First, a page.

Medical facilities across North Dakota are responding to a shortage of IV bags after Hurricane Maria slammed into Puerto Rico in September, disrupting production at major pharmaceutical manufacturing facilities on the island.
The shortage is being felt nationwide. Last week, the American Hospital Association told a House subcommittee that the U.S. health care system is "on the brink of a significant public health crisis" due to slowed manufacturing in Puerto Rico.
Some North Dakota medical facilities are scrambling to ramp up their reserves of IV bags in response to the shortage.
Recently, Trinity Health in Minot and a nursing home in Grafton requested assistance from the North Dakota Department of Health state medical cache, a stockpile of medical equipment and disposal medical supplies, including pharmaceuticals.
"We've received several calls of concerns from medical facilities in the state," said Tim Wiedrich, chief of the Department of Health's emergency preparedness and response section.
If the situation doesn't get better, Wiedrich said he anticipates more requests from medical facilities to use the state cache. With the current rate of consumption of IV solutions from the stockpile, the supply will run out in about two to four weeks, he said.
In addition to distributing from the state supply, the Department of Health also has been looking for solutions through outreach to the private sector and the federal government, according to Wiedrich.
Last week, Department of Health officials inquired about a national stockpile and was redirected to the FDA, he said, adding that conversations are ongoing.
There are dozens of pharmaceutical and medical device manufacturing facilities on Puerto Rico, which produce more pharmaceutical products for the U.S. than any foreign county, according to a recently released economic analysis by the U.S. Food and Drug Administration.
As of Tuesday, about half the island remained without power, according to data from the Puerto Rican government. Some pharmaceutical manufacturing facilities have been resorting to diesel generators in order to keep up with operations.
Products in short supply include sodium chloride 0.9 percent injection bags, also called mini-bags, produced by a company called Baxter International at its Puerto Rico facility.
IV bags are a staple in hospitals and clinics and are used for hydration and mixed with other medications. At Trinity Health in Minot, about a few hundred of these bags are used each day, according to Randy Schwan, vice president of the health care system.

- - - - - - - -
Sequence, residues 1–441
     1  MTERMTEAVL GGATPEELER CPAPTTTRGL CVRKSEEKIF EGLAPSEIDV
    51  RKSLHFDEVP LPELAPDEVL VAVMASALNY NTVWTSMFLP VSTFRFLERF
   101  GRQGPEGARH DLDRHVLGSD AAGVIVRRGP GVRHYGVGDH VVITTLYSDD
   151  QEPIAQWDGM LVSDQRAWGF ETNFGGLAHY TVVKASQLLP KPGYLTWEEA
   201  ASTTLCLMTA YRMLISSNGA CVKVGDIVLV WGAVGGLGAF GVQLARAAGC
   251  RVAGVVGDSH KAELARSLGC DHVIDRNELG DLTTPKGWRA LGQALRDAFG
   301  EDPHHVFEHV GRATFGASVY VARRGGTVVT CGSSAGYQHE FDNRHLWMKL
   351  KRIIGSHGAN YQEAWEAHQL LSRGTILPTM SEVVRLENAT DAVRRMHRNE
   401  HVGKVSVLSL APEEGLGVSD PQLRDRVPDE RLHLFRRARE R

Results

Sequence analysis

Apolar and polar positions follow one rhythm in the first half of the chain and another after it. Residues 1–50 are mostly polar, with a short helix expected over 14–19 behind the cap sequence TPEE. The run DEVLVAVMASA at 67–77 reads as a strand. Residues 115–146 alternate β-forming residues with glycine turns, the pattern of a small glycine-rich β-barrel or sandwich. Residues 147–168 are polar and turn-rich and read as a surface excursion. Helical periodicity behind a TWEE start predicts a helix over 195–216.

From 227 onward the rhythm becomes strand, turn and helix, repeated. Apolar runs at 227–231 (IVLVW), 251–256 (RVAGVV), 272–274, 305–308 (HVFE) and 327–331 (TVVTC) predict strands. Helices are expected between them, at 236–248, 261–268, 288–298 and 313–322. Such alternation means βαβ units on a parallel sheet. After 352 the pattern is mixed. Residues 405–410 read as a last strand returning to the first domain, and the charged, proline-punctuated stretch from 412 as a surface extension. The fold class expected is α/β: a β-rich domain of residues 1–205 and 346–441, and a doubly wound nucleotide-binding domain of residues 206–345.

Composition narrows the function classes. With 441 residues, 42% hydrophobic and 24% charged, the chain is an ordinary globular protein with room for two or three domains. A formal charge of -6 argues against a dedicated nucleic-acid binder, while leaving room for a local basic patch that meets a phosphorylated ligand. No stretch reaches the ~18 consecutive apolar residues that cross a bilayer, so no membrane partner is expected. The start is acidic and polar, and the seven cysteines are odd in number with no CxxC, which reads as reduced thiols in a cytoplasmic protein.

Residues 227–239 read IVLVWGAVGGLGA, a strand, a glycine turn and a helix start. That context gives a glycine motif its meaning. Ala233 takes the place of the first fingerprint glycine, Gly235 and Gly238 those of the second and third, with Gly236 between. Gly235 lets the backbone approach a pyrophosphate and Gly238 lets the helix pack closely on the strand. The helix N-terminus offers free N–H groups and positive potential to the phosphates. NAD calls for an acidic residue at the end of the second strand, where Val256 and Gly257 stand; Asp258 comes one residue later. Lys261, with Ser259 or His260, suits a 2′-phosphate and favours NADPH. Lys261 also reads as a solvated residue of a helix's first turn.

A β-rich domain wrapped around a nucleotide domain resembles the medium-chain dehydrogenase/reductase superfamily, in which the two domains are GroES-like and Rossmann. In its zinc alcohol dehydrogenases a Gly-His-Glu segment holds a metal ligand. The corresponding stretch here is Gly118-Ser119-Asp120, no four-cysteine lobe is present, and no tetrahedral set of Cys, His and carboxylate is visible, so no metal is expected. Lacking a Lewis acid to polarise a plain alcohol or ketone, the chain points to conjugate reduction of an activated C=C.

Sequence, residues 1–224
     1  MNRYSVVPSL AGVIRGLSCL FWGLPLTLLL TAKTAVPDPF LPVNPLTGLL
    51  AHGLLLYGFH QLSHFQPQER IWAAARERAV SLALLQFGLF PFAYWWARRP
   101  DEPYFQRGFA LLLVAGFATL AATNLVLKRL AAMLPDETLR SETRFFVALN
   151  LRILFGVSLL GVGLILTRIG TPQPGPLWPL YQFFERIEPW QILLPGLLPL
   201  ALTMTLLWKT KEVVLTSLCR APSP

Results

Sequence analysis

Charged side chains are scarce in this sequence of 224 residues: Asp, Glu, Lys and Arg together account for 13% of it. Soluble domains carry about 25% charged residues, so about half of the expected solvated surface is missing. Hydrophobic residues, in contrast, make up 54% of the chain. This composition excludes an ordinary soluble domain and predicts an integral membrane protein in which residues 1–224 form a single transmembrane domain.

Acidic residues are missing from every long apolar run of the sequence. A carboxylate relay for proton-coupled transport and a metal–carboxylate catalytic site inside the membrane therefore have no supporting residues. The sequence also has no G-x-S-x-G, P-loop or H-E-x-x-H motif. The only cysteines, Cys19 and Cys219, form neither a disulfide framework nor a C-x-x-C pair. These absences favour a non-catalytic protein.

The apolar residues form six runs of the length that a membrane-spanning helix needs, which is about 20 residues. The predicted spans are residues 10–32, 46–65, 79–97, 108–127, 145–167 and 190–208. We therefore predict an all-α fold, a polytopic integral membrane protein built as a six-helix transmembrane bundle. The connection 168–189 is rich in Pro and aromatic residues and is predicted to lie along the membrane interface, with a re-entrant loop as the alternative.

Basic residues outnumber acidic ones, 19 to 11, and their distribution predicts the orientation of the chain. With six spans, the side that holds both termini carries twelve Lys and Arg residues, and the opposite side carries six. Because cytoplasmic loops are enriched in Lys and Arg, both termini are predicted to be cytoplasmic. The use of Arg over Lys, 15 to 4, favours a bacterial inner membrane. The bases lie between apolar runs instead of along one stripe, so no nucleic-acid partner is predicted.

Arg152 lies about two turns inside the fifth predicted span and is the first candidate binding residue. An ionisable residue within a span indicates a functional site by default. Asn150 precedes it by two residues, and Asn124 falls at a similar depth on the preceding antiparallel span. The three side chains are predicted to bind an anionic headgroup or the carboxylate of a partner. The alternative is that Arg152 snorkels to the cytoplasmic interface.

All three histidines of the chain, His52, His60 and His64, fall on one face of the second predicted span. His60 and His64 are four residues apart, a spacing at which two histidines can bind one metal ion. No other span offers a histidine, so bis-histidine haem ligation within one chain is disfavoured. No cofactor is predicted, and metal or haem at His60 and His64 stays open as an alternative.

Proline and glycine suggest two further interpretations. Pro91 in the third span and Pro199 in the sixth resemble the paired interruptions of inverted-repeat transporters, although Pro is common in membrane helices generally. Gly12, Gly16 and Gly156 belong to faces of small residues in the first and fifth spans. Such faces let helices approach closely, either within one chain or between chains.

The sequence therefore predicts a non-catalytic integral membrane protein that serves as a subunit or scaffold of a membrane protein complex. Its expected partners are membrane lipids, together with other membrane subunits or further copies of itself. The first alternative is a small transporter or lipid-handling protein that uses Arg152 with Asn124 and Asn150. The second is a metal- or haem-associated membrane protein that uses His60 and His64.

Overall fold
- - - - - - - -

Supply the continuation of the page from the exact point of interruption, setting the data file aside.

Though Trinity Health does not receive Baxter products, he said he and other officials at Trinity Health heard about the low supply of IV bags and became concerned. As a response, it was decided to build up the current inventory.
"We wanted to make sure our supply would go beyond weeks and not days," Schwan said.
Last week, Trinity Health made a request to receive IV solutions from the state medical cache. Even without the extra supplies, Schwan said Trinity Health would be OK, because it's been utilizing alternatives besides trying to increase stock.
Some hospitals, including Trinity Health, have been conserving their current inventory of IV bags. Others, such as CHI St. Alexius Health, have switched from using IV bags for medications to syringes in order to decrease the volume needed.
Henry Milkey, executive director of support services for Sanford Health in Bismarck, said in a statement that the hospital has not seen a shortage of IV bags as a result of disrupted production in Puerto Rico.
Trinity Health, CHI St. Alexius Health and Sanford Health said they do not expect the shortages to impact patient care.
Schwan said he is optimistic that Trinity Health's current efforts to conserve will last and requests have been issued for supplies from the state cache on previous occasions. A few years ago, during the H1N1 flu season, protective masks were in short supply.
"Suppliers were able to catch up, but not as fast as hospitals across the country needed them," he said. "It's worked very well that hospitals and providers can reach out and boost their inventory on short notice with the ability to pay it back to the state cache."
FDA Commissioner Scott Gottlieb said in a statement last month that the FDA is monitoring the shortage and is working closely with Baxter and other companies. The FDA also is allowing Baxter import products from the company's facilities in Australia and Ireland.
Meanwhile, the AHA has called for more to be done.
"While these strategies have helped mitigate the problem to date, the AHA is concerned that patients could face harm if these shortages aren't resolved quickly," Thomas Nickels, executive vice president of the AHA, wrote in a letter last week to Gottlieb.